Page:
Thu, 23 Jan 2020

Algeria held a presidential election Thursday meant to bring stability after a year of political turmoil, but voting was marred as protesters ransacked provincial polling stations and rallied in the capital.

The unpopular vote comes almost 10 months after a people power movement ousted president Abdelaziz Bouteflika, 82, after two decades in office, and as protesters keep pushing for an end to the military-backed political system.

At least 10 000 demonstrators massed again in Algiers despite a heavy police presence backed by water cannon and helicopters, and after the arrests of at least 10 activists in the morning to prevent a repeat of the previous day's anti-election rallies.

Shortly after polls opened, groups "ransacked the ballot boxes and destroyed part of the electoral lists" in the disaffected northern mountain region of Kabylie, home to much of the country's Berber minority, a resident of the city of Bejaia told AFP.

Video footage shared on social media, purportedly from a polling station in a school building there, showed dozens of people hurling ballot papers into the air.

Elsewhere in Kabylie, a large crowd surrounded a polling station in the city of Tizi Ouzou, where all voting was suspended, and protesters also took to the streets of Bouira, witnesses said.

Kabylie has a long history of opposition to the central government but Thursday's presidential vote was unpopular across much of the country.

Five candidates are in the running, all of them widely rejected as "children of the regime".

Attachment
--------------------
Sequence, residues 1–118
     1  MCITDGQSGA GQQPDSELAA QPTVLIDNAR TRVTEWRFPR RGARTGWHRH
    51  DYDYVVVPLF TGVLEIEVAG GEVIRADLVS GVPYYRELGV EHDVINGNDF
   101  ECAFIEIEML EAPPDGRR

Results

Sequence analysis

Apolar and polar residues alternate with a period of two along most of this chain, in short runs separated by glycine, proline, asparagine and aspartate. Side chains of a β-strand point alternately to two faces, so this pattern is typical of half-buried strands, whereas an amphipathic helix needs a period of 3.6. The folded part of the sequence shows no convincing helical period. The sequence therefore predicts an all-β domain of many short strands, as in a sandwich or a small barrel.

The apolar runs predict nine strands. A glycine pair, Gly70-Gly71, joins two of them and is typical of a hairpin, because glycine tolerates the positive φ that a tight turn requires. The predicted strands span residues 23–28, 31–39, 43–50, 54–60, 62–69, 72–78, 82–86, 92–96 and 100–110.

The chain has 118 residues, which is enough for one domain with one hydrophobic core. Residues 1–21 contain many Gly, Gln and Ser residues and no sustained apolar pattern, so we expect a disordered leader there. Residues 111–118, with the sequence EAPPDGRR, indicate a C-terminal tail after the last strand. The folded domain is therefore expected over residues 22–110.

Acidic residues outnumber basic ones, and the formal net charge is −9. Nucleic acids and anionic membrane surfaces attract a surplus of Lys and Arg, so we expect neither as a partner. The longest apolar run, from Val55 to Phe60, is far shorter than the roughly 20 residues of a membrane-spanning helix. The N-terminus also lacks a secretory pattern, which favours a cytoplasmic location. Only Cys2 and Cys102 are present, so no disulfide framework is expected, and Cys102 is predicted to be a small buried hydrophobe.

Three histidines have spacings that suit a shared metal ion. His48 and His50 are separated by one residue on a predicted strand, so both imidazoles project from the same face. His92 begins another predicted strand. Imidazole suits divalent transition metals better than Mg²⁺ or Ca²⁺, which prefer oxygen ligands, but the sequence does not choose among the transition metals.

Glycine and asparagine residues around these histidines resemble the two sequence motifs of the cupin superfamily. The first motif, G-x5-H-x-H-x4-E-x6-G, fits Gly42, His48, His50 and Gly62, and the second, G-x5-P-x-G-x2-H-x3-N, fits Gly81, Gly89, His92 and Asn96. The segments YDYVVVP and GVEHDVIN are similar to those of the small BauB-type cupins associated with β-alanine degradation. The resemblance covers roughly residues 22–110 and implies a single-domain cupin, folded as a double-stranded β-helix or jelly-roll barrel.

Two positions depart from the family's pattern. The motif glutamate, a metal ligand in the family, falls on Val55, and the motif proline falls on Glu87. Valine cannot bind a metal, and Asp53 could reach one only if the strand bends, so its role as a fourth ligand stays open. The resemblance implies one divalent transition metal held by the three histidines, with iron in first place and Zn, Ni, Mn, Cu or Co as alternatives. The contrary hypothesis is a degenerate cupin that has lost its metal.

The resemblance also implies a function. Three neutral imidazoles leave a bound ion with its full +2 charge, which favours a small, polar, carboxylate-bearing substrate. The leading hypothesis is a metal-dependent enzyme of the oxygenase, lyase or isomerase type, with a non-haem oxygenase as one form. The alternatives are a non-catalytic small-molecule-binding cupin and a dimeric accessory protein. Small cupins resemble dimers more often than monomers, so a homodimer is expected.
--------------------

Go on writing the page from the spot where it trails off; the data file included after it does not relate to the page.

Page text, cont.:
Among them are former prime ministers Abdelmajid Tebboune, 73, and Ali Benflis, 75, and a former minister, Azzedine Mihoubi.

'Mired in crisis'

Turnout was expected to be low after demonstrators shouting "no vote" again pressed their demand for a boycott, facing off with truncheon-wielding riot police in Algiers on the eve of the polls.

While only a trickle of voters showed up in some districts, national television showed longer queues elsewhere, leading some online commentators to wonder "how much they have been paid".

Two hours after the start of voting, turnout stood at 7.9 percent of the 24 million eligible voters, said the electoral authority -- a "respectable" level according to its president Mohamed Charfi.

"I am voting because I am afraid that the country will get mired in the crisis," said Karim, a 28-year-old civil servant.

Mahdid Saadi, a 76-year-old retired man, showed off his voter card with many stamps and said: "I have always voted and I still vote today, it is a duty".

Polls were scheduled to close at 1800 GMT but the result may not be announced for another day or later, as was the case after previous elections already marked by high abstention rates.

Whoever wins will struggle to be accepted by the electorate in the north African country, where many citizens rail against a regime they see as inept, corrupt and unable to manage the flagging economy.

"None of the five candidates can hope to be considered legitimate" in the eyes of the protesters, said Anthony Skinner, Middle East and North Africa director at risk analysis company Verisk Maplecroft.

'No to system'

The "Hirak" street movement kicked off when Bouteflika announced in February he would seek a fifth term in office.

Since then protesters have stayed on the streets for more than 40 weeks, demanding the total dismantling of the system that has ruled Algeria since independence from France in 1962.

The military high command, which long wielded power from the shadows, has been forced to take a more visible role and has pushed for the election as a way to withdraw behind the scenes again.

Demonstrators have vented their anger at army chief Ahmed Gaid Salah, who has emerged as Algeria's de facto strongman.

A previous poll set for July was scrapped for lack of viable candidates and interim president Abdelkader Bensalah's term technically ended five months ago.

Given the broad opposition, the five candidates have run low-key campaigns, usually under heavy police protection and often being drowned out by hecklers.

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